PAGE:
And personally, nesting things to that extent would be atrocious, this is more a personal preference, but you can tell from at least Emacs use over that, I don’t use the let anymore, because it’s just not as ergonomic or intuitive and it causes headaches and subtle bugs like I mentioned, and use let* instead (talking about in Elisp here)

Humans are hardwired to see a sequential list of things and assume they are happening in sequence, that’s why async programming is so hard.

So it’s a bit of what do you want the special case to be, and the default. Personally I think sequential is more often what you want. And when you want to express order doesn’t matter do this:

(let [a 10]
  (exec a))
(let [b 20]
  (other-exec b))

EDIT: Sorry… this is a bit off the original topic…
(on a second read through I feel I maybe missed what you were trying to say)

You mean if you have some buried side-effect during a binding? I mean first of all - doing side effects during a local binding is I’m pretty sure a bad idea to start with… I could be wrong here, but I haven’t come across a great usecase…

I’m guessing you’re talking about doing it by accident - and maybe multiple times?.. and then I guess the lack of guarantee on the execution order could hypothetically make it non-repeatable? Hope I’m understanding the problem correctly.

This sounds a bit contrived and confusing/difficult to debug regardless. A (let {} ..) in that case would indeed make life more difficult

I feel a lot of the problems people have with async just wouldn’t come up in a let … the main selling point of Clojure (for me) is the immutable data structures. But it’s pragmatic and you can make your code blow up in weird ways and there aren’t really compile time guarantees of much of anything. So while it’s not a guarantee - it plays to the strengths of the rest of the language design.

I guess I really disagree. When I’m knee deep in some code I want it to be very intuitive what is the minimal amount of context I need to understand what’s going on. This always felt like something that was difficult/impossible to express in imperative/sequential languages. So in C you’d look at some bit deep in a function and you don’t know which bits higher up are relevant and which aren’t. The Scheme/Lisp let is fantastic b/c it explicitly expresses that all the terms will be independent. In combination with immutable data structures you can do that pretty safely now.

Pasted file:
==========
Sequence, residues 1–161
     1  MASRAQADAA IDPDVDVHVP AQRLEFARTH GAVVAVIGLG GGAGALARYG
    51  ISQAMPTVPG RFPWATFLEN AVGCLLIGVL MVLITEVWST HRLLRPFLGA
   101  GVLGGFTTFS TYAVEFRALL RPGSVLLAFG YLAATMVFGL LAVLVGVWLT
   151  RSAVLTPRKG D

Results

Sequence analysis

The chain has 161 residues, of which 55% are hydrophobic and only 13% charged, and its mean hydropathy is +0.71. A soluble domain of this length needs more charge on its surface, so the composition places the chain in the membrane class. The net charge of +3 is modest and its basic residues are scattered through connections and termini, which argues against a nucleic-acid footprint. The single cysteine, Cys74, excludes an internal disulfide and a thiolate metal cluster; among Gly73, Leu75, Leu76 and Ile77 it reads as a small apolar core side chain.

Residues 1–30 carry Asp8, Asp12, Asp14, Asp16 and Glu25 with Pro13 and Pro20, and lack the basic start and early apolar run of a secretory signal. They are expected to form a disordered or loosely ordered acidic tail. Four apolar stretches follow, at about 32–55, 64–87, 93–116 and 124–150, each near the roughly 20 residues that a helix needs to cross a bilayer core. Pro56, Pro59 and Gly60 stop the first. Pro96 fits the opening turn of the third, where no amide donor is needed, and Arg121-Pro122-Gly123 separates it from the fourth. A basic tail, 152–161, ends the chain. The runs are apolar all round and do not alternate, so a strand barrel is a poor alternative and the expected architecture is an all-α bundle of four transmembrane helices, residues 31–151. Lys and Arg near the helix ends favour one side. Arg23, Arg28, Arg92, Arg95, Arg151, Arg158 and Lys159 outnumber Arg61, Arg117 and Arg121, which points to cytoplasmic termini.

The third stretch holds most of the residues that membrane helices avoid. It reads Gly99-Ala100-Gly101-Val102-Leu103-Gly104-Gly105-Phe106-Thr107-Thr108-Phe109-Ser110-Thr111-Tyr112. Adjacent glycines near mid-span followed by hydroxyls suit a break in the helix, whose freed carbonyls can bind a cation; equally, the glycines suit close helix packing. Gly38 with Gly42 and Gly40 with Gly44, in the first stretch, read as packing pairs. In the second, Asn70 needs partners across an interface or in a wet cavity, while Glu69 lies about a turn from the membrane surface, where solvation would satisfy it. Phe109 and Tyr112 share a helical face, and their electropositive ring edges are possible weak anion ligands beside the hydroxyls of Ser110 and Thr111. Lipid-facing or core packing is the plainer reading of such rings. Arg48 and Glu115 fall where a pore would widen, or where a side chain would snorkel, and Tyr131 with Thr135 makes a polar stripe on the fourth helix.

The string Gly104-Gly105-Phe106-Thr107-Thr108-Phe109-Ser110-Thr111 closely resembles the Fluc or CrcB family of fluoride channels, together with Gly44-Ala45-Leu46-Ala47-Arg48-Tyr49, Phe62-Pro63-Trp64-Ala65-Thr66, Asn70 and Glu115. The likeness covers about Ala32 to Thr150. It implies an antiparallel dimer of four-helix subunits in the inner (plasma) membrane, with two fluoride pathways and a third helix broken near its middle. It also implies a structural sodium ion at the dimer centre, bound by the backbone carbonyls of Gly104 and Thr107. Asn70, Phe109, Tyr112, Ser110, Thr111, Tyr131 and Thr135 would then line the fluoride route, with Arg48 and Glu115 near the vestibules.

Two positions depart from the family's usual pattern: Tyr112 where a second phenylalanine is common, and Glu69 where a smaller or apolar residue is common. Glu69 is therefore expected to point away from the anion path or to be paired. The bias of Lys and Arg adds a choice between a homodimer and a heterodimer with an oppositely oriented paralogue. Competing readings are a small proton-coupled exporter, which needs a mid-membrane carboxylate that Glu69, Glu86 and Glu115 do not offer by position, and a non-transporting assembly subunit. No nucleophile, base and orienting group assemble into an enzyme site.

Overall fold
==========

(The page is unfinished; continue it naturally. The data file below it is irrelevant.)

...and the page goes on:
At the heart of it, it seems strange/arbitrary that the last term in the let is in some sort of limbo of “maybe it depends on all the previous terms but maybe not!”. And at least in the code I’ve written (which isn’t a huge ton - nor anything too crazy complex)… most of the time it does not. Most of the time I just need a bunch of reusable local bindings and the order I’ve written them in has no particular meaning. Just not always :confused:

When i see a let in ELisp and I look at a binding I know I don’t need to look at the other terms and I only need to maybe look higher in scope. If there is a lot of sequential interdependence then I’d probably use a let* to minimize the nesting. In Clojure most of the time I can get away with the threading macro in this case.

I can envision a complex scenario where nested lets would be a mess and a threading macro too simplistic and you’d want a let* - but I feel this would be the exception. A (let {} ..) form seems like it’d be the best fit the majority of the time.

I don’t understand this example. Don’t you again have the issue of side effects here?

I want to write

(let [a ( ... lots of code ...)
      b ( ... lots of code ...)]
  (dosomestuff b)
  (dootherstuff a b))

When I look at how b is created I want to know I don’t need to look at anything that came before - like a. If b’s binding is a complex expression then that’s not immediately obvious at a glance. I currently don’t know of a way to express that concisely.

The only way I know to make interdependence more obvious is to refactor out all the code into private single-use top level functions. But this comes at a huge ergonomic costs as you end up with a soup of minifunctions, you have to constantly jump around code and you can’t see everything relevant in one place.


(defn foo [user]
  (let [user (f user)
        user (g user)]